This lengthy, human-intensive model is incompatible with the high-velocity, integrated, and automated model of DevOps. And it makes clear that it’s not enough to build security into DevOps. You need to leverage AppSec tools that have DevOps built into them.
That means to be truly DevOps compatible, tests must be triggered by events in the SDLC (e.g., pull requests, commits, builds, etc.), run in the background without human intervention, and automatically apply security policies so developers can focus on the highest risk. An example of this type of solution is Synopsys Intelligent Security Scan GitHub Action. This integration allows teams to easily automate SAST and SCA within their GitHub workflows. Leveraging the Coverity® and Black Duck® scan engines and the intelligent test execution and reporting capabilities within the Synopsys Polaris Software Integrity Platform™, Intelligent Security Scan addresses both the execution delays that can be caused by security testing and the vulnerabilities overload teams face with legacy tools.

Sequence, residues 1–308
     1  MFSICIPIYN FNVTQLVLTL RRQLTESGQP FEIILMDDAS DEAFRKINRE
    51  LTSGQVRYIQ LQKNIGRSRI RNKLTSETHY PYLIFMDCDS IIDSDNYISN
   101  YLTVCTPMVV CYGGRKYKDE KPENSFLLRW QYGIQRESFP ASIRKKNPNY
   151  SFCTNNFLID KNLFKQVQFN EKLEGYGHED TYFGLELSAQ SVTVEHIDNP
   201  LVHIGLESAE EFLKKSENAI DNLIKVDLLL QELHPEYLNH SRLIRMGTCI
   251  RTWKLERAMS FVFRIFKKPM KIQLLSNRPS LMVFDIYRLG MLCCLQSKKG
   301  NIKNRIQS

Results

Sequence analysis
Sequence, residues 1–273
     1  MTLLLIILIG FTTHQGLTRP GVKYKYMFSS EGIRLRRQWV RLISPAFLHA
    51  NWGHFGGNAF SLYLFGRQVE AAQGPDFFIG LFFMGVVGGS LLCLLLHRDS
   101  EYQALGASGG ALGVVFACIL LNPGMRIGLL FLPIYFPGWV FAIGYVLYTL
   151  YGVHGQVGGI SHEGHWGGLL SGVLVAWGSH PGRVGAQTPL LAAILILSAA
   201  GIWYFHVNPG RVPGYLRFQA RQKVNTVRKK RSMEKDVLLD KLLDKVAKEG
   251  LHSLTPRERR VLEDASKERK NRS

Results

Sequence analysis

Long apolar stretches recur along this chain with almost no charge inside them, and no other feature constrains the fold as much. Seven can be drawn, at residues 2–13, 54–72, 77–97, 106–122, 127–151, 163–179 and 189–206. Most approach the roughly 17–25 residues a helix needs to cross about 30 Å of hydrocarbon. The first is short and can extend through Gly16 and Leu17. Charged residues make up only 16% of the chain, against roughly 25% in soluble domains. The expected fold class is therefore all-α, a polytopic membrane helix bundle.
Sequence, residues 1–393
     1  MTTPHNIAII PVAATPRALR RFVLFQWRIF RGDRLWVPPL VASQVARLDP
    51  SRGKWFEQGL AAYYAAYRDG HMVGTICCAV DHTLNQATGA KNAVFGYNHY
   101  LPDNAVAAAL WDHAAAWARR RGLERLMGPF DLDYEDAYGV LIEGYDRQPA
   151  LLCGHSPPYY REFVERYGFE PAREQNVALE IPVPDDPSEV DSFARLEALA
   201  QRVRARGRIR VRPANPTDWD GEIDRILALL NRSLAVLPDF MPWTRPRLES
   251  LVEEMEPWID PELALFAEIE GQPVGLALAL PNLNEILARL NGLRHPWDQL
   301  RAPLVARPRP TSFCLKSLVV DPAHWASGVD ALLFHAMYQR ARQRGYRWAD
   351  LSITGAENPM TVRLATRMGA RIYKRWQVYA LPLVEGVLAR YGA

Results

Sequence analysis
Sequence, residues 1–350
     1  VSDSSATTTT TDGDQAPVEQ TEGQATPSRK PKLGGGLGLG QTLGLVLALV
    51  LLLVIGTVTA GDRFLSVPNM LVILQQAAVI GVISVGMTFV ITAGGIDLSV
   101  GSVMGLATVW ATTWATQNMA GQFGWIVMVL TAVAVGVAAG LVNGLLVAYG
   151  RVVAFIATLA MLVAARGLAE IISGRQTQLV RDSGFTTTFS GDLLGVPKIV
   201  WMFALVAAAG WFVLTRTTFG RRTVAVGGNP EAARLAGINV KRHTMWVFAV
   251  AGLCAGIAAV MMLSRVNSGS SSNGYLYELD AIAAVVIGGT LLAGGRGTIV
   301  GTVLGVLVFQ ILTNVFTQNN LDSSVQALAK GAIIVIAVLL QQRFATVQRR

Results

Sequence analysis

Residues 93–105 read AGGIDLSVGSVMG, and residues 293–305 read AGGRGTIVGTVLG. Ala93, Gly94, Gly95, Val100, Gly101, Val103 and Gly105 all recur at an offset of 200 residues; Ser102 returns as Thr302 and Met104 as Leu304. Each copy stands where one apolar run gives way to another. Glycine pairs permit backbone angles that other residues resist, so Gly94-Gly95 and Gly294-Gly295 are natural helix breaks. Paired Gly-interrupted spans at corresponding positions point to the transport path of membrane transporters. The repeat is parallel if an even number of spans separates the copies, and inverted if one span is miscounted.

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To learn more about how security and development teams are addressing these and other challenges on the path to DevSecOps, download the full ESG Modern Application Development Security report.
*** This is a Security Bloggers Network syndicated blog from Software Integrity Blog authored by Patrick Carey. Read the original post at: https://www.synopsys.com/blogs/software-security/mitigating-devsecops-challenges/